Engaging in war requires proper planning by an army so that they can overcome their enemy. There is also the need to incorporate functional and most recent weapons so that one can have a competitive advantage over the enemies (Keegan 33). The war in the 16th and 17th Century had seen some armies like the Chinese had introduced the use of gunpowder and bombs as a way to fight off against other troops. With the emergence of more conflicts among people in the world, there was a need to develop ideas that would help armies secure victory when they went to war. Battlefield required fighting skills in case troops were not using firearms. By the start of 18th century, the use of gunpowder had spread across different nations, and it was no longer a preserve for troops with special skills in weaponry (Kaldor 100). The styles of warfare changed during the 18th C since there were a new revolution and introduction of organizational skills in the army, tactics, and firearms on the battlefield.
Organizational skills in the army meant that a troop could go through training sessions at different times before engaging in battle with enemy camps (Keegan 75). Generals who headed troops ensured that only the best men with skills joined their army as their strength and valor were needed when engaging in battle. Organized militias meant that members needed to possess special skills as opposed to the conventional methods, which judged people, based on their physique. In addition, organizing the army meant that the best and skilled members were not the first to attack during a war. Infantrymen were placed at the front lines during battles. In addition, training in a new tactic meant that the troops needed to have weapon use skills as well as physical strength in case they needed to engage in a fight with opponents (Kaldor 189). Healthy men were a preference, as they would take a short time to recover if wounded on the battlefield. Use of firearms was also another style adopted in warfare in the 18th century. Generals put some gunpowder in the projectile and propelling machines that would enable a soldier to aim their targets with ease. The machine was a gun, and every member of an army, needed skills to handle a firearm (Keegan 37). Ability to use a gun meant that a soldier would shoot to kill and would prevent accidental self-harm.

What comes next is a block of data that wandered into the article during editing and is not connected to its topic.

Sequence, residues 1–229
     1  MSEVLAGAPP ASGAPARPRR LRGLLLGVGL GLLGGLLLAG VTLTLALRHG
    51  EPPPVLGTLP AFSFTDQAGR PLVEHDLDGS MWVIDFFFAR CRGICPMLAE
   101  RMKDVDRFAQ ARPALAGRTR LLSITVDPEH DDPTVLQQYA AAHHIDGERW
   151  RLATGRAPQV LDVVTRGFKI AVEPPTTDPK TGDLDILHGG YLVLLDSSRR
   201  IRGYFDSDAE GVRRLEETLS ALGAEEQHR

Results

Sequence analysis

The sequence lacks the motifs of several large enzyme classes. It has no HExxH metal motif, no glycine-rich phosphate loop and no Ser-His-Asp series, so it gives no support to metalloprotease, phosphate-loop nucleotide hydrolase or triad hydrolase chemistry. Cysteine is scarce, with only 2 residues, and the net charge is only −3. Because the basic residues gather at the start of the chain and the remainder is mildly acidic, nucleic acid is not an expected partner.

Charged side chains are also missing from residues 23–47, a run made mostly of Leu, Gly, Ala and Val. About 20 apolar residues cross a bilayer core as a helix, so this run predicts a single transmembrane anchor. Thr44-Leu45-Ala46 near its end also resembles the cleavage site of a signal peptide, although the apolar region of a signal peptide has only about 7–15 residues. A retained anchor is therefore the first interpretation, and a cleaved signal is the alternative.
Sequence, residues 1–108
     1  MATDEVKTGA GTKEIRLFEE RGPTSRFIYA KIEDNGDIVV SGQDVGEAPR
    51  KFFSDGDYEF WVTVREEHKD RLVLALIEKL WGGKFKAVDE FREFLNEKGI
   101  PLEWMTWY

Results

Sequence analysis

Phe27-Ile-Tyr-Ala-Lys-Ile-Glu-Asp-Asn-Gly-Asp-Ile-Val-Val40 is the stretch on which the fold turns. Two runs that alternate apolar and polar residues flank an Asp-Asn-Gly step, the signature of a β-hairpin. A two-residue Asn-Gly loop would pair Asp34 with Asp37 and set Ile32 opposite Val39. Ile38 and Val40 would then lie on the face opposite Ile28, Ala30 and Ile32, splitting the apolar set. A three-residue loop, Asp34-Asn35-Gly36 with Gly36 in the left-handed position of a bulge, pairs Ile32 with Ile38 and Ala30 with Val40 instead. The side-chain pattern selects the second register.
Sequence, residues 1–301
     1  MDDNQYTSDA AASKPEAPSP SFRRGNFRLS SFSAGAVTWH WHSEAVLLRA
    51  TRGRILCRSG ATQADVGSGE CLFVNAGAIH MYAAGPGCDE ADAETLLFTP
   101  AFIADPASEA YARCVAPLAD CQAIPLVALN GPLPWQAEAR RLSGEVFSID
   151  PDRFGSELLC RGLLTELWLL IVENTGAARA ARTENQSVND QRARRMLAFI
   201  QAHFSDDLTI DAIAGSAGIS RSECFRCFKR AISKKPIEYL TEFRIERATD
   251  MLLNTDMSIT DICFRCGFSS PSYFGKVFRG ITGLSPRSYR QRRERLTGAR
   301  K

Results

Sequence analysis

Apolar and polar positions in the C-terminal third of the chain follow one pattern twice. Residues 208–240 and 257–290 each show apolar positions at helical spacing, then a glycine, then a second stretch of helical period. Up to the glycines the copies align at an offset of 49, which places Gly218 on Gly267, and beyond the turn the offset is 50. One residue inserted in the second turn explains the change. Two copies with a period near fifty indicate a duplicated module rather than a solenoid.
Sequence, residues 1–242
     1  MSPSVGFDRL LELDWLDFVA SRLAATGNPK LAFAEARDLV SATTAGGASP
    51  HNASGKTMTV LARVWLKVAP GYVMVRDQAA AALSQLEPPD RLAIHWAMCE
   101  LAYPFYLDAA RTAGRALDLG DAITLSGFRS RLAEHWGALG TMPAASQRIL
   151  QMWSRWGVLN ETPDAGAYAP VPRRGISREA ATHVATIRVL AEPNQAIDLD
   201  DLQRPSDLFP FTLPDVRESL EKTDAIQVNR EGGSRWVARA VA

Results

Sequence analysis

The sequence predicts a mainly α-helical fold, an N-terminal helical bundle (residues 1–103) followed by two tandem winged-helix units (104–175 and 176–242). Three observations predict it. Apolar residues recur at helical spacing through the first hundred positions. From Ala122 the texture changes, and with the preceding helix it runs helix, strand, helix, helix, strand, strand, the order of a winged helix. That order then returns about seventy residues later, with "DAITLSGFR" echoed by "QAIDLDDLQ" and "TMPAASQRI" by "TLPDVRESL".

How did this influence the course of events in Europe and worldwide?
With the introduction of organized and well-equipped troops, generals had confidence that they would defeat their enemies if they engaged in war (Keegan 54). For instance, in Europe, troops no longer took solace in fortifications which were previously built to protect cities from enemies by making it easier to see approaching opponents from any side. Firearms were handy and fast when dealing with enemies making generals in armies recommend their soldiers to use guns. It was also possible to aim, shoot, maim, and kill enemies from a long-distance. Armies were assured of victory if they had more firearms than their opponents did or if their organizational skills on the battlefield were better than those of their enemies (Kaldor 12). In addition, development and emergence of guns meant that troops from different countries in the world were willing and ready to engage in war with a little provocation. Introduction of guns was a path to bring technological ideas to mass production of weapons.
Kaldor, Mary. New and old wars: Organised violence in a global era. John Wiley & Sons, (2013): 11-238.
Keegan, John. A history of warfare. Random House, (2011): 23-78.
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